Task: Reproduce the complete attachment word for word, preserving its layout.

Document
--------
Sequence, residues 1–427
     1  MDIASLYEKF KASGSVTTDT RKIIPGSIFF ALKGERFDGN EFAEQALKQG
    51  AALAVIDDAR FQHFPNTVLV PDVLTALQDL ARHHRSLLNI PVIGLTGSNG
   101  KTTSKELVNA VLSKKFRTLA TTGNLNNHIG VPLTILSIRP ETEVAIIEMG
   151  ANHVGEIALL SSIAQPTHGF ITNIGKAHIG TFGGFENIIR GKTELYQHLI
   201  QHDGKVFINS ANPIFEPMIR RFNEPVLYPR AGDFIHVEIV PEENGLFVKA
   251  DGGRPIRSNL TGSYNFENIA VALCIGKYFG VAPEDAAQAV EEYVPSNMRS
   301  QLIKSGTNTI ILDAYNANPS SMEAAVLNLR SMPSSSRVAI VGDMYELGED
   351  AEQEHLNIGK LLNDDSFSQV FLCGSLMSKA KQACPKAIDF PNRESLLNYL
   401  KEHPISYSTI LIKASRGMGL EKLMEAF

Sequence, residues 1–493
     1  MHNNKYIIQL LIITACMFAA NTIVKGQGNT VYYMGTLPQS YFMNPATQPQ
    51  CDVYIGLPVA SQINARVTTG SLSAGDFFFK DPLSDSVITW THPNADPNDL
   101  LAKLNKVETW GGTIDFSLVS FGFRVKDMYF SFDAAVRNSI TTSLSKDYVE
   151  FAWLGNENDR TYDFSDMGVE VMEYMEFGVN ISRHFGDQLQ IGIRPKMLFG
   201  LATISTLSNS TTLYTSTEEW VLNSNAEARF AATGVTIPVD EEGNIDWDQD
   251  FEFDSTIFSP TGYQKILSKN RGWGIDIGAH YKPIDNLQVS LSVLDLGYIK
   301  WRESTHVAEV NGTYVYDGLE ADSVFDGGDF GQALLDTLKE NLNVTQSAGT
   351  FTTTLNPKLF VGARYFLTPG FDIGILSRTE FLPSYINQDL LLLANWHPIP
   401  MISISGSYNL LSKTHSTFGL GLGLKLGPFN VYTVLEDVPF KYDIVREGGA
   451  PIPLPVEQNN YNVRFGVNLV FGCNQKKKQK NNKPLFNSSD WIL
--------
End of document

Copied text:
Sequence, residues 1–427
     1  MDIASLYEKF KASGSVTTDT RKIIPGSIFF ALKGERFDGN EFAEQALKQG
    51  AALAVIDDAR FQHFPNTVLV PDVLTALQDL ARHHRSLLNI PVIGLTGSNG
   101  KTTSKELVNA VLSKKFRTLA TTGNLNNHIG VPLTILSIRP ETEVAIIEMG
   151  ANHVGEIALL SSIAQPTHGF ITNIGKAHIG TFGGFENIIR GKTELYQHLI
   201  QHDGKVFINS ANPIFEPMIR RFNEPVLYPR AGDFIHVEIV PEENGLFVKA
   251  DGGRPIRSNL TGSYNFENIA VALCIGKYFG VAPEDAAQAV EEYVPSNMRS
   301  QLIKSGTNTI ILDAYNANPS SMEAAVLNLR SMPSSSRVAI VGDMYELGED
   351  AEQEHLNIGK LLNDDSFSQV FLCGSLMSKA KQACPKAIDF PNRESLLNYL
   401  KEHPISYSTI LIKASRGMGL EKLMEAF

Sequence, residues 1–493
     1  MHNNKYIIQL LIITACMFAA NTIVKGQGNT VYYMGTLPQS YFMNPATQPQ
    51  CDVYIGLPVA SQINARVTTG SLSAGDFFFK DPLSDSVITW THPNADPNDL
   101  LAKLNKVETW GGTIDFSLVS FGFRVKDMYF SFDAAVRNSI TTSLSKDYVE
   151  FAWLGNENDR TYDFSDMGVE VMEYMEFGVN ISRHFGDQLQ IGIRPKMLFG
   201  LATISTLSNS TTLYTSTEEW VLNSNAEARF AATGVTIPVD EEGNIDWDQD
   251  FEFDSTIFSP TGYQKILSKN RGWGIDIGAH YKPIDNLQVS LSVLDLGYIK
   301  WRESTHVAEV NGTYVYDGLE ADSVFDGGDF GQALLDTLKE NLNVTQSAGT
   351  FTTTLNPKLF VGARYFLTPG FDIGILSRTE FLPSYINQDL LLLANWHPIP
   401  MISISGSYNL LSKTHSTFGL GLGLKLGPFN VYTVLEDVPF KYDIVREGGA
   451  PIPLPVEQNN YNVRFGVNLV FGCNQKKKQK NNKPLFNSSD WIL